One road race and two hours in the stadium was enough for day three of athletics at Rio 2016 to remind the world why track and field delivers sport in its most electrifying form. This is how the sparks flew.

The Greatest

Usain Bolt 2016 ()

Usain Bolt achieves what others cannot.

The world produces no shortage of ferocious sprinters; none combined consistent ferocity, devastating success and the love of an entire planet, until Bolt. So far this week three athletes have attempted to win a third straight individual crown; each failed, until Bolt. In history, four sprinters have won two consecutive Olympic 100m titles; no one had three, until Bolt. 

No athlete has ever won three consecutive 200m crowns. One man can end that run this week. Do you doubt The Greatest?

Mr Sparkle

Wayde Van Niekerk 2016 ()

At the London Diamond League in July, in the race that preceded Usain Bolt’s 200m run out, Kendra Harrison ran 12.20 for a 100m hurdles world record.

At the Rio Olympics tonight, in the race that preceded Usain Bolt’s 100m coronation, Wayde van Niekerk ran 43.03 for a quite stunning 400m world record from all the way out in lane eight.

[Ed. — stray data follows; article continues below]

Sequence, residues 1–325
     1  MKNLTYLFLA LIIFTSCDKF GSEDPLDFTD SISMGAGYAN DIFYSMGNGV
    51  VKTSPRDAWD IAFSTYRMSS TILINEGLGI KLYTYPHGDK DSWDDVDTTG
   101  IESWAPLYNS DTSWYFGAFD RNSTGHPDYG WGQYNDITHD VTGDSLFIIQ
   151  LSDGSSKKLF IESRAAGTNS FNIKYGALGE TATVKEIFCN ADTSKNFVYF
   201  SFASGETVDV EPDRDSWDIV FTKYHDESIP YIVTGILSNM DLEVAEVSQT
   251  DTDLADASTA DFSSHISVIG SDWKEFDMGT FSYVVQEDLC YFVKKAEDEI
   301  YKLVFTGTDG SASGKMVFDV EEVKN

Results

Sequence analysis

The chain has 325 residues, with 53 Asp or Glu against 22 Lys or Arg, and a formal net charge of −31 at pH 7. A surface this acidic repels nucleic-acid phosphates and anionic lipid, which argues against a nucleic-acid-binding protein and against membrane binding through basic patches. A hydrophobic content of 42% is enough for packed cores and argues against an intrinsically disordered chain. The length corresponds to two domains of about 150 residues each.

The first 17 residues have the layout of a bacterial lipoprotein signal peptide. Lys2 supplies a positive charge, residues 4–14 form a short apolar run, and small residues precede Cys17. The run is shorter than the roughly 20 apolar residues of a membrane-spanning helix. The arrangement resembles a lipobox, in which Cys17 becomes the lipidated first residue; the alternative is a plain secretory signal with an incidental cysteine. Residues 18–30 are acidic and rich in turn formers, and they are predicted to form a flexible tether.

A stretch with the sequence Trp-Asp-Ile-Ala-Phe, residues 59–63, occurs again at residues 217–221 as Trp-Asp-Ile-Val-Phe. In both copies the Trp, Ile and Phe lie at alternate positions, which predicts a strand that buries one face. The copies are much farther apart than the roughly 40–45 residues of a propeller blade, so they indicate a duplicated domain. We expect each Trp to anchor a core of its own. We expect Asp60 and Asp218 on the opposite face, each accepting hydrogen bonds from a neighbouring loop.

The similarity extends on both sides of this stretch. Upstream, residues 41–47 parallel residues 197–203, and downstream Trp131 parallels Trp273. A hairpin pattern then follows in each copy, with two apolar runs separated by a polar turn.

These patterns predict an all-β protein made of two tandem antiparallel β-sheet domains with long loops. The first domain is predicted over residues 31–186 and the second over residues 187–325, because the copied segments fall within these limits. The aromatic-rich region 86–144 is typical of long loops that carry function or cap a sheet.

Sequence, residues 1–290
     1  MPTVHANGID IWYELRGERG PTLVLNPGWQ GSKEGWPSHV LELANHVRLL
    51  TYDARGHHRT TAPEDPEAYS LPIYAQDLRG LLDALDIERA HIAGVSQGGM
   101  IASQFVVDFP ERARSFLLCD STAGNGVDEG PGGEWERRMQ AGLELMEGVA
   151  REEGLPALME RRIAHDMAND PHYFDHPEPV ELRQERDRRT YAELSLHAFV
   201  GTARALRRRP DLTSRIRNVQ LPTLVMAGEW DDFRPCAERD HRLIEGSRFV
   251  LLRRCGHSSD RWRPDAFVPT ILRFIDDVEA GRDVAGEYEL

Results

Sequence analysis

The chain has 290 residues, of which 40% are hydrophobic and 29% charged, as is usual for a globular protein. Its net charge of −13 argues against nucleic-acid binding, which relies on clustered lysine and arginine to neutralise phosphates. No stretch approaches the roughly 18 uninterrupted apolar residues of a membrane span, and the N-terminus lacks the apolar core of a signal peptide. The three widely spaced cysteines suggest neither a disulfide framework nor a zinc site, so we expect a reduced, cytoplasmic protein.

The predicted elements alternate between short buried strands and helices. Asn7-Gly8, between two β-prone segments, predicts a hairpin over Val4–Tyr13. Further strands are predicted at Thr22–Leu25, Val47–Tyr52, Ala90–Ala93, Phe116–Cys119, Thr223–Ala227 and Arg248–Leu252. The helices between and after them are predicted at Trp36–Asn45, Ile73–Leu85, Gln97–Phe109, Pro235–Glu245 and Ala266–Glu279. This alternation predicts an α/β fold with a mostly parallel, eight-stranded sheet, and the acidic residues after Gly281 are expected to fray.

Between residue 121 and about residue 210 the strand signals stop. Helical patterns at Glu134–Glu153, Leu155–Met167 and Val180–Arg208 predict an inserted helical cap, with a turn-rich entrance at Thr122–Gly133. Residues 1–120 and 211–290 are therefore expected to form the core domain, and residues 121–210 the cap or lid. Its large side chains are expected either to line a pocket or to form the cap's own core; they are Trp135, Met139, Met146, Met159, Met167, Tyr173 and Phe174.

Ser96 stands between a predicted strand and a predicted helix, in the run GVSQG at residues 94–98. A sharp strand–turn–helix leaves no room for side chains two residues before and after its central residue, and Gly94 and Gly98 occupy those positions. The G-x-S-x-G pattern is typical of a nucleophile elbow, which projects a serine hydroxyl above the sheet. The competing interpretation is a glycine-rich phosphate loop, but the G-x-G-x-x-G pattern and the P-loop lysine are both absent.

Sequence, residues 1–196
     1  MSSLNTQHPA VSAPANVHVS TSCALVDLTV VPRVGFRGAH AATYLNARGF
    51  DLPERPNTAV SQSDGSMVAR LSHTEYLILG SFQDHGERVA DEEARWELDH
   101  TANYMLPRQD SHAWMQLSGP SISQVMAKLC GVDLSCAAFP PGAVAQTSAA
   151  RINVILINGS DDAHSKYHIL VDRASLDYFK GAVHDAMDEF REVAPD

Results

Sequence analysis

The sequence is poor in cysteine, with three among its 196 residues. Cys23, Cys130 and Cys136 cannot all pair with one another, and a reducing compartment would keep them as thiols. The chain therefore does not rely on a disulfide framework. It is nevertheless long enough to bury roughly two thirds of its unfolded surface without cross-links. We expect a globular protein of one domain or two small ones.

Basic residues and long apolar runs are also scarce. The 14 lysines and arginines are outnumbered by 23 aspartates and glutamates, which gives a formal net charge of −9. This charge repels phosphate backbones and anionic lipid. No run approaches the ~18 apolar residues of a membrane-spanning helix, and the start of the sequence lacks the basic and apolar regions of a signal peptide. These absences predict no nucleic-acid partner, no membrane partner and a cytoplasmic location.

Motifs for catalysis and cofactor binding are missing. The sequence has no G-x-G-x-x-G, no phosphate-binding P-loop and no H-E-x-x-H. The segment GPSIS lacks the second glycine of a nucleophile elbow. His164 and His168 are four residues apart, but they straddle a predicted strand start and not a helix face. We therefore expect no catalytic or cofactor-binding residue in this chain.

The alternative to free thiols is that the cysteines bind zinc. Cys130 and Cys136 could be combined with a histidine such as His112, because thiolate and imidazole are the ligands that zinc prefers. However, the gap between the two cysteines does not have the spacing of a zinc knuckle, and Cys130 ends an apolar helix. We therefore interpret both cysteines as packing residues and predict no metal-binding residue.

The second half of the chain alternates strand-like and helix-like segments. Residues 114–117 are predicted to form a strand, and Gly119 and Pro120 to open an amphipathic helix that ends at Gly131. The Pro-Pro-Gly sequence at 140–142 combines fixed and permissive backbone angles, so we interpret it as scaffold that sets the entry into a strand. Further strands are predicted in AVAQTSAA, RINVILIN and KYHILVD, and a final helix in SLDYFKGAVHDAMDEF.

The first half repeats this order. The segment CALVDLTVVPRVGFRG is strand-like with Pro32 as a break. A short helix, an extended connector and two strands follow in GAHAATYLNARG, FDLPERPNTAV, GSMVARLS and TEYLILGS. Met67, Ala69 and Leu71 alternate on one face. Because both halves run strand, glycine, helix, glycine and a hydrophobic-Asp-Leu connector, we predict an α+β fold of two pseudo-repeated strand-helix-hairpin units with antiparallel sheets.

Coincidence? Yes. Spooky? Kinda. Phenomenal? Absolutely.

If you’re happy and you know it, triple jump

Caterine Ibarguen Spikes Wrap ()

An event that involves skipping is always going to be a lark. Caterine Ibarguen makes the triple jump look more fun still.

Mind you, you’d be enjoying yourself if you were as good as the Colombian is – Ibarguen has only lost one comp since her second place at London 2012. In tonight’s final showed her dominant form from the start and wore a smile throughout. It did slip from her face once, though. That was in round four, when Ibarguen, at that stage leading with a best of 15.03m, watched as excitable Venezuelan Yulimar Rojas went out to 14.98m to threaten her lead.

Ibarguen looked annoyed at the temerity. On landing her next effort she flicked the sand from her skin with impudence. When the mark of 15.17m – a season’s best – came up she shook her head in rufflement, paused for a brief moment of contemplation and promptly began grinning from ear to ear once again.

The Queen of the Triple Jump had roused to do enough to win Colombia’s first Olympic title. The gold medal is a perfect fit for Ibarguen’s record, tenacity and infectious smile.

History cookies

Jemima Sumgong ()

Jemima Sumgong is a tough cookie. She won at the London Marathon in May despite falling and smashing her head on the floor at 21 miles.

In Rio she showed similar mettle. The pace from the start was consistent and honest without being frantic (half way in 1:12:56), but as the miles wore on and the sun burned brighter in the Rio sky, athlete-after-athlete began to drop from the lead group.

Sumgong won the war of attrition, showing the same determination she did in London. She didn’t allow her guard to slip down until she had shaken the stubborn Eunice Kirwa in the last km, allowing herself a mini fist pump before crossing the line backed by a boisterous crowd in Sambódromo.

Her time: 2:24.04. Her prize: Kenya’s first ever women’s marathon gold medal.